We do NOT need more legislation that will further increase the number of people in our jails over petty streaming violations. A felony? You have got to be kidding me. Someone streams some content and now the public has to support them for years to come, they become a drain on our economy, and all the while we also have to support the big media company with tax breaks as well? This is lunacy.

They have their constitutionally protected right to safeguard their IP. Where the hell are my rights?


RE: Boycott?
By someguy123 on 1/19/2012 1:36:25 AM , Rating: 3
There's nothing stopping any copyright holder from suing for violation as the law stands right now. SOPA goes past copyright enforcement and forces shutdown and/or blocking of content BEFORE due process. The defendant is essentially guilty before proven innocent. It is very unconstitutional and shocking that something like this would even be considered, much less debated amongst congress.


RE: Boycott?
By Ryrod on 1/19/2012 3:02:31 AM , Rating: 1
As I noted in my response to Reclaimer, a court order is necessary to shutdown or block content. Therefore, the bill does not take away the due process rights of any individual. This bill also is not one of attainder or anything like that. An individual still has to be convicted or found in violation of the law in a court after a hearing on the merits.

That being said, as I mentioned above in my response to Reclaimer, I'm not fond of this bill at all, but my reasons are more focused on the unintended effects that may accompany the passage and enforcement of this law, as opposed to the irrational hysteria over the supposed Constitutional violations that everyone magically sees in this bill.

Copyright laws do need to change and they need to become more sensible with regard to content creators as Invane's post suggests. However, copyright laws will still be geared to content publishers and maintaining their economic interests, especially as media organizations continue to grow. If people really wanted copyright laws to change for the better and to avoid fits like this one, then we should be looking to campaign funding first and eliminating corporate influence in Congress.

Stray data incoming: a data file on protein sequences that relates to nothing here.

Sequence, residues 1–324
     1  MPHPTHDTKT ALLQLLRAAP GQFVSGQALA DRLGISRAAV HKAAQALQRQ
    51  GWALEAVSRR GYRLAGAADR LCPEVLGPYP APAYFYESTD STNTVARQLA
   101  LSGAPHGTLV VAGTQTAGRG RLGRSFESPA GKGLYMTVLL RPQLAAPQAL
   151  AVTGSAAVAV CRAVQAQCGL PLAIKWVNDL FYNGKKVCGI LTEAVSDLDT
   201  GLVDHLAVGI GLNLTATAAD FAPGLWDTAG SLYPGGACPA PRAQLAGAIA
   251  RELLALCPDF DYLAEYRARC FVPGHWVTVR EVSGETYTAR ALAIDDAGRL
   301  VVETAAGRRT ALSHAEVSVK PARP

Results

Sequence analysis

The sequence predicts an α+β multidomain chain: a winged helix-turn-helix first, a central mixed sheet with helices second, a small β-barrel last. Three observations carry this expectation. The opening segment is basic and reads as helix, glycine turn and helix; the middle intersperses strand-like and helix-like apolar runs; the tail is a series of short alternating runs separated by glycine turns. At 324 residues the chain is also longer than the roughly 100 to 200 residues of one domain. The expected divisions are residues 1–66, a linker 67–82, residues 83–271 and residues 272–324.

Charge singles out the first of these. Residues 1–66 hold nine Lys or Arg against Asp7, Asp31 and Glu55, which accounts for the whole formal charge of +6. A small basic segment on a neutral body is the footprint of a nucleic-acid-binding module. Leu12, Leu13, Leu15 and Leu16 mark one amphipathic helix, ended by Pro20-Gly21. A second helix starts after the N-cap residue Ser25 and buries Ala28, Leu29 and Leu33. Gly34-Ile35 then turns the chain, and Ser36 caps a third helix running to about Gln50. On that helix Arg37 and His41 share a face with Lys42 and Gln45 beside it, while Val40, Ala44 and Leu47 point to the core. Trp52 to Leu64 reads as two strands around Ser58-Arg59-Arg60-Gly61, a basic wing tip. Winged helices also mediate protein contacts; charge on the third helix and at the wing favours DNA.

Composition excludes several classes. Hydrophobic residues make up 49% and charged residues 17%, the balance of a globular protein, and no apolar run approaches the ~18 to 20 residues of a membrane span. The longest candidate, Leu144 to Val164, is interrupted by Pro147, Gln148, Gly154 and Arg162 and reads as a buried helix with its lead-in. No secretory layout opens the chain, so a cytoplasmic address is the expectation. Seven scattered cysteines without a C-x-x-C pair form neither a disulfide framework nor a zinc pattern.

It's funny because no one complained about the National Defense Authorization Act and that had a much more troubling provision which would lead to a deprivation of due process rights than this bill. However, since that bill doesn't affect Google's economic interests, no one cares to rally the troops against that bill.


RE: Boycott?
By Reclaimer77 on 1/19/2012 10:50:17 AM , Rating: 2
quote:
as opposed to the irrational hysteria over the supposed Constitutional violations that everyone magically sees in this bill.


Excuse me?

quote:
Therefore, the bill does not take away the due process rights of any individual.


You're right, it only takes away the rights of the thousands or millions who might visit the offending website, only to find it shut down because of ONE offender/offense. Not to mention the website could be one that people depend on for their livelihood.

Your logic is the same as saying because a TV executive is caught for tax evasion, the Federal Government is within it's rights to shut the ENTIRE network down. Regardless of how many people rely on it or work there.

Not to mention all the First Amendment issues this bill brings up. But I guess that's more 'hysteria' too...

You say you don't support the bill, yet constantly cook up ways to interpret it as being legitimate and legal. It's NOT.


RE: Boycott?
By Ryrod on 1/19/2012 3:44:23 PM , Rating: 2
quote:
You're right, it only takes away the rights of the thousands or millions who might visit the offending website, only to find it shut down because of ONE offender/offense. Not to mention the website could be one that people depend on for their livelihood.


It almost sounds like your adding rights to the Constitution that are not there, and I know how you rail against the government for adding these supposed rights that aren't in the Constitution, like healthcare and home ownership. There is no right to visit a specific website in the Constitution, not in the First Amendment nor in the penumbra of rights stemming from Griswold v. Connecticut.

As for your argument that a whole site could be shut down for one offense is rather unreasonable. Furthermore, your attempt to portray my logic is also based upon false assumptions. No court would issue a TRO or injunction against an entire website for a single infringement. If anything, a court would order the offending website to deny access to that specific file, image, or textual excerpt.

It's no different than when someone infringes on the Pepsi logo and the court orders the offender to stop doing so. If that is an individuals entire business then, yeah the court will cripple the business through an injunction.

Furthermore, if people rely on a website that is dedicated to selling or providing copyrighted works that they do not have rights to, then they need to find a new job. Any website that offers such a service is illegal, even under current copyright laws.

quote:
Not to mention all the First Amendment issues this bill brings up. But I guess that's more 'hysteria' too...


There are few, if any, First Amendment issues raised by such a law. Having a chilling effect on speech does not amount to a Constitutional violation. If we wanted it to, then there would be no laws against libel, slander, or offensive speech on television and radio. Just because a law would make individuals think twice about making expressing themselves does not mean that the law prohibits such expression.

quote:
You say you don't support the bill, yet constantly cook up ways to interpret it as being legitimate and legal. It's NOT.